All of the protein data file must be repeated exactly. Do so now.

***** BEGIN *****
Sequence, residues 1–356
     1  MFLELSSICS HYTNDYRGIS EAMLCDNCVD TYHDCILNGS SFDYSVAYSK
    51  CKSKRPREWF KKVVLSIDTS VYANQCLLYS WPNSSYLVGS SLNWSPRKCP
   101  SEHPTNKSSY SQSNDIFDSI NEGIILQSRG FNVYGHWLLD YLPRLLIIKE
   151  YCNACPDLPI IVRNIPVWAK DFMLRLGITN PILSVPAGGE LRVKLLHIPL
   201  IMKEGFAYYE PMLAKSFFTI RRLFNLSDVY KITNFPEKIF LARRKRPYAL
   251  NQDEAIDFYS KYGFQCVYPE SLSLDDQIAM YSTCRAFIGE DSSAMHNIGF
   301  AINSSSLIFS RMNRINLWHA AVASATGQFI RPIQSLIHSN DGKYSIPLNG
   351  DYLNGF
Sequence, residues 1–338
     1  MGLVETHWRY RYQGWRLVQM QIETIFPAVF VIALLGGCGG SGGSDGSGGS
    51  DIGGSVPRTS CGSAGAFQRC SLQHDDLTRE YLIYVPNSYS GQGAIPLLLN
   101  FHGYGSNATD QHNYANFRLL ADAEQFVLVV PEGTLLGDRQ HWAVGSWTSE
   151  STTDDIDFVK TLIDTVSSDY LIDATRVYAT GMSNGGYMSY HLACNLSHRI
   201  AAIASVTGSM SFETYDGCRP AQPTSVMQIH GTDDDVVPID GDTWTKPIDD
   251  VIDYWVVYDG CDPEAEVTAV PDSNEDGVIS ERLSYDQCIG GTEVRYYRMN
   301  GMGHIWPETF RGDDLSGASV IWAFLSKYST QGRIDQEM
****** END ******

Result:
Sequence, residues 1–356
     1  MFLELSSICS HYTNDYRGIS EAMLCDNCVD TYHDCILNGS SFDYSVAYSK
    51  CKSKRPREWF KKVVLSIDTS VYANQCLLYS WPNSSYLVGS SLNWSPRKCP
   101  SEHPTNKSSY SQSNDIFDSI NEGIILQSRG FNVYGHWLLD YLPRLLIIKE
   151  YCNACPDLPI IVRNIPVWAK DFMLRLGITN PILSVPAGGE LRVKLLHIPL
   201  IMKEGFAYYE PMLAKSFFTI RRLFNLSDVY KITNFPEKIF LARRKRPYAL
   251  NQDEAIDFYS KYGFQCVYPE SLSLDDQIAM YSTCRAFIGE DSSAMHNIGF
   301  AINSSSLIFS RMNRINLWHA AVASATGQFI RPIQSLIHSN DGKYSIPLNG
   351  DYLNGF
Sequence, residues 1–338
     1  MGLVETHWRY RYQGWRLVQM QIETIFPAVF VIALLGGCGG SGGSDGSGGS
    51  DIGGSVPRTS CGSAGAFQRC SLQHDDLTRE YLIYVPNSYS GQGAIPLLLN
   101  FHGYGSNATD QHNYANFRLL ADAEQFVLVV PEGTLLGDRQ HWAVGSWTSE
   151  STTDDIDFVK TLIDTVSSDY LIDATRVYAT GMSNGGYMSY HLACNLSHRI
   201  AAIASVTGSM SFETYDGCRP AQPTSVMQIH GTDDDVVPID GDTWTKPIDD
   251  VIDYWVVYDG CDPEAEVTAV PDSNEDGVIS ERLSYDQCIG GTEVRYYRMN
   301  GMGHIWPETF RGDDLSGASV IWAFLSKYST QGRIDQEM